How to Look Good in Your Clothes
People who look great in their clothes, regardless of their physical shape or the heft of their wallets, know a few secrets. Memorize these, and your shopping experience will be more successful.
Fit Is Everything
Let’s blow one myth right away: There is no such thing as “ready-to-wear.” When you see those beautifully dressed celebrities looking casually elegant, understand that, like their faces, nearly every one of them has had at least something altered. And catalogs, magazines, and websites? Don’t get me started: Alison Freer, costume designer for Hollywood, wrote an entire book on the truth behind what’s in those photos. You’d be amazed to see the number of hidden safety pins, quickly tacked hems, cloth tape, etc. creating the image of perfection.
So, if you’re spending good money on a few great pieces of clothing, be prepared to spend a little more on good tailoring. Here are a few things you want your tailor to pay attention to.
• Sleeve placement. Unless the garment is designed to fit below your shoulder line, the top of the sleeve should start right at the top of the bony prominence of your shoulder. Too long a shoulder seam and too long a sleeve can make you look sloppy.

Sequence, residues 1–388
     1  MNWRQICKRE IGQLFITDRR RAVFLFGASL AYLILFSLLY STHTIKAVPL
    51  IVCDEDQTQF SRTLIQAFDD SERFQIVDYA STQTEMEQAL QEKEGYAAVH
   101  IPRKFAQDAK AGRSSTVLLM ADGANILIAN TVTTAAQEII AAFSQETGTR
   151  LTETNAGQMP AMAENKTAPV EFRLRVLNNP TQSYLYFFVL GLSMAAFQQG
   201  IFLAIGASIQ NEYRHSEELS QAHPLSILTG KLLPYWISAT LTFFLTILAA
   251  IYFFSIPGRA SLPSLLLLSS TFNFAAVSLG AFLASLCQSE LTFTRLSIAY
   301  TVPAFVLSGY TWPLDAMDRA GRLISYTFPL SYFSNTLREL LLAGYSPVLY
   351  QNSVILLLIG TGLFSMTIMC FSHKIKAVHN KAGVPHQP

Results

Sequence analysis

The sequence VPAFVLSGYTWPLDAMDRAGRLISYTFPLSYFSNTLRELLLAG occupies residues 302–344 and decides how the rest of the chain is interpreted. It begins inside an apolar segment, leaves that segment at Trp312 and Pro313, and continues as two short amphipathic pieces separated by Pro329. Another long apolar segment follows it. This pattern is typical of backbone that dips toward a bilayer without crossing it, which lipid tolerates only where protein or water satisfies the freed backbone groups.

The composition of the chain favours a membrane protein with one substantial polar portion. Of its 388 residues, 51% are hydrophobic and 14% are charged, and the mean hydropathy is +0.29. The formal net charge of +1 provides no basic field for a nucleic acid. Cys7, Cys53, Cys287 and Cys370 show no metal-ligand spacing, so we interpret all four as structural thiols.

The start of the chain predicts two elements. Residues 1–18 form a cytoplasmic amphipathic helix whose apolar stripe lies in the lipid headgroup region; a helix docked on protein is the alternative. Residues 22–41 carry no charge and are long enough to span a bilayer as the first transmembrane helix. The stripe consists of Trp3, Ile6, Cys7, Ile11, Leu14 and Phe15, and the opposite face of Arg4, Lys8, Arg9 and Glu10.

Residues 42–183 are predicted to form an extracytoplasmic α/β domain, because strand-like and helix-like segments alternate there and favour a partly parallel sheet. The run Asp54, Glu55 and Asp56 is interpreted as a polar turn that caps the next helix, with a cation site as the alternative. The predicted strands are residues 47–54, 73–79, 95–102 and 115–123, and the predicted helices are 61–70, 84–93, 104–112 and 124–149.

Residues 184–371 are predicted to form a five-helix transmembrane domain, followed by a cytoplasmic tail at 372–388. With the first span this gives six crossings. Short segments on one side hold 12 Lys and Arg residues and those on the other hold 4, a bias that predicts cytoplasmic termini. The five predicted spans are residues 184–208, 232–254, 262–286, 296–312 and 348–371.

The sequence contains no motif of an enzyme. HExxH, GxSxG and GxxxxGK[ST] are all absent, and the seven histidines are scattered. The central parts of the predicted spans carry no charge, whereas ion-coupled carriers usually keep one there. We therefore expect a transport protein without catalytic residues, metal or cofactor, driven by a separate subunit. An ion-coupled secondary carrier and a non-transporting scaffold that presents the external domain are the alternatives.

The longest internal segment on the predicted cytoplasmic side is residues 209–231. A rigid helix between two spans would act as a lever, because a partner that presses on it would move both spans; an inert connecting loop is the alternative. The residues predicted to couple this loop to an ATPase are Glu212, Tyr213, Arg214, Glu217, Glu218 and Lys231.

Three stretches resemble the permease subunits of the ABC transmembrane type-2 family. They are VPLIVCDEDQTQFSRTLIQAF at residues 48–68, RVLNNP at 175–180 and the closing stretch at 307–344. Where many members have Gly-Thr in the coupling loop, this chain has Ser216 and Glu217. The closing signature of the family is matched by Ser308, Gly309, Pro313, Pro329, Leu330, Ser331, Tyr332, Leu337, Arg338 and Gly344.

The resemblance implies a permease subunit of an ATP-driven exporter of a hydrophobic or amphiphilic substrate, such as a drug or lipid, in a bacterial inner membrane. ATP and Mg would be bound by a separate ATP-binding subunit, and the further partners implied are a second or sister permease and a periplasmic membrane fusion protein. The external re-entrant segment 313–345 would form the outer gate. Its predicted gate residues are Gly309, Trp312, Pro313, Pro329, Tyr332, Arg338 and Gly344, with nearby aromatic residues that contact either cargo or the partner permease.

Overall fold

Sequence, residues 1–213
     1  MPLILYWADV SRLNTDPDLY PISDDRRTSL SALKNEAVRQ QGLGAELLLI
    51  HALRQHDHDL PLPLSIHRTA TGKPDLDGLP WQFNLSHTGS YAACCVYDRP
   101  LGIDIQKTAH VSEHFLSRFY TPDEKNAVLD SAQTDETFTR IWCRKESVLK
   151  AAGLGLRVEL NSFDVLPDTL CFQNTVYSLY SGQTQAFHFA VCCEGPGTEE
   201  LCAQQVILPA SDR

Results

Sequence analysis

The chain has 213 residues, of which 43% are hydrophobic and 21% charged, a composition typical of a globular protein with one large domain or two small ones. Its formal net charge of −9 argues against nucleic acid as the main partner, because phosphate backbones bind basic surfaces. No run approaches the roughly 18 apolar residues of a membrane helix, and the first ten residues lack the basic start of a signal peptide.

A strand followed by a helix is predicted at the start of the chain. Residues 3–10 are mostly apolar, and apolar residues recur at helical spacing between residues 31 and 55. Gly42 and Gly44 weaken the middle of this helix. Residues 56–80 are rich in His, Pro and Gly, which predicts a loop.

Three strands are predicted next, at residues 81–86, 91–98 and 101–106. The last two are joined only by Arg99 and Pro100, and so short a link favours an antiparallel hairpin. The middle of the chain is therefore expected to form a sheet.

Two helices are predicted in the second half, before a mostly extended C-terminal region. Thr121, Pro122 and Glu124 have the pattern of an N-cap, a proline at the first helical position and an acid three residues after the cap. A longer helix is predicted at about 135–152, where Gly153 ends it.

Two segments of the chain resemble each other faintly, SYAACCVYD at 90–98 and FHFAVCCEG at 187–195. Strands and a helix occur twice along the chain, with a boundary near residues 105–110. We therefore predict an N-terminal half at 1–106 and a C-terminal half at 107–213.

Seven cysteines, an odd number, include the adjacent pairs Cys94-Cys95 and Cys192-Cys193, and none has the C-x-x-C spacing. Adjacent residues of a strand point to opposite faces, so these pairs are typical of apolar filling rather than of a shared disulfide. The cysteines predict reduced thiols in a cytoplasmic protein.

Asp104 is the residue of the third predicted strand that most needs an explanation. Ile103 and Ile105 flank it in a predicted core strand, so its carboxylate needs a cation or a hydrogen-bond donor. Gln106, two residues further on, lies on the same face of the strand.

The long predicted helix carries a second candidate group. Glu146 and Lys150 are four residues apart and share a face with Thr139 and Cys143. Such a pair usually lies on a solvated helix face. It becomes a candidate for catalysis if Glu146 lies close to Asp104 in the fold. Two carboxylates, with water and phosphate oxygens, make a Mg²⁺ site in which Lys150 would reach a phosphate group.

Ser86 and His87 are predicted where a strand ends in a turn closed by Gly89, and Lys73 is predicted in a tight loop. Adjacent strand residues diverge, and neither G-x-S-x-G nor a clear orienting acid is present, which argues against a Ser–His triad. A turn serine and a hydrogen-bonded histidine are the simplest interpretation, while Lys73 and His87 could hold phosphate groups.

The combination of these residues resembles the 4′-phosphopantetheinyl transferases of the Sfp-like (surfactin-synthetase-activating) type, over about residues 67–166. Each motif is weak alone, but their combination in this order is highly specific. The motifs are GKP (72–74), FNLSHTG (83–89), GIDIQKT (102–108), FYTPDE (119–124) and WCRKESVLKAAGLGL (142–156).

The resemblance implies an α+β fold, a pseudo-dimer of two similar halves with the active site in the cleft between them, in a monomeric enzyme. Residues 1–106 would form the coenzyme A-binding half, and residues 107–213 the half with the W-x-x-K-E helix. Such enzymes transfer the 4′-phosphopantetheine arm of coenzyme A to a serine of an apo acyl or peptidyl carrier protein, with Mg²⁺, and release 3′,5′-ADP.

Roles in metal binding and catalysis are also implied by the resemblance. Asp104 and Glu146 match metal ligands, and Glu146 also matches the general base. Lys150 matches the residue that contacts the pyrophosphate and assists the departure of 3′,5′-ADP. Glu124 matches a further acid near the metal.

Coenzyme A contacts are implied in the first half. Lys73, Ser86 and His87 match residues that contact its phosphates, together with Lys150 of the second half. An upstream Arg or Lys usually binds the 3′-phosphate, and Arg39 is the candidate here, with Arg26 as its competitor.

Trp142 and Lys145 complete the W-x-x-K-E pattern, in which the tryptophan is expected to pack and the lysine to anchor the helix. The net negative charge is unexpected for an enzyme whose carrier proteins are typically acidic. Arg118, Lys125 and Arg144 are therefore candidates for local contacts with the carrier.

• Demarcation points. Each border, hem, and breakpoint on a garment (jacket, coat, sweater, shirt, pant, skirt, or dress) draws the eye to that point. If you don’t want to emphasize that part of your body, don’t wear something that ends at exactly that point.
• Fit of jackets. Unless it is designed to be boxy, it should be slightly fitted at your waistline.
Get a full length mirror. Its importance can’t be overemphasized. Look for what others might see that you don’t: back flab squeezing out around your bra or love handles hanging over your belt line. You likely need a larger size or a less-fitted garment. (Women, if you’re wearing a sleeveless item, check the size of the armholes. If your undergarment shows and the item isn’t simply too big for you, you need a different undergarment. And always bring the right undergarment with you when you shop.)
Comfort Is Next to Godliness
If what you are wearing makes you feel uncomfortable or awkward in any way—the fit, how the fabric feels against your skin, the style—you will never look stylish.
When you try on a jacket, top, or dress, move your arms. Button the jacket and do the same. Make sure that your arms can move freely without looking or feeling restricted and that the fabric doesn’t pull awkwardly.
Snappy dressers understand that, regardless of what they wear, good posture can improve how they look in almost anything. Clothing is designed for a body that is mostly upright. When we slump, it completely changes the fit of the garment. But what is more important is that the subtler message it sends is: “I’m defeated. I’m lazy.” Just as Mother told you, stand up straight. It changes the way you feel about yourself and about your place in the world.
In our next lesson, we’ll give you what every lazy fashionista craves: someone to do the work for you.
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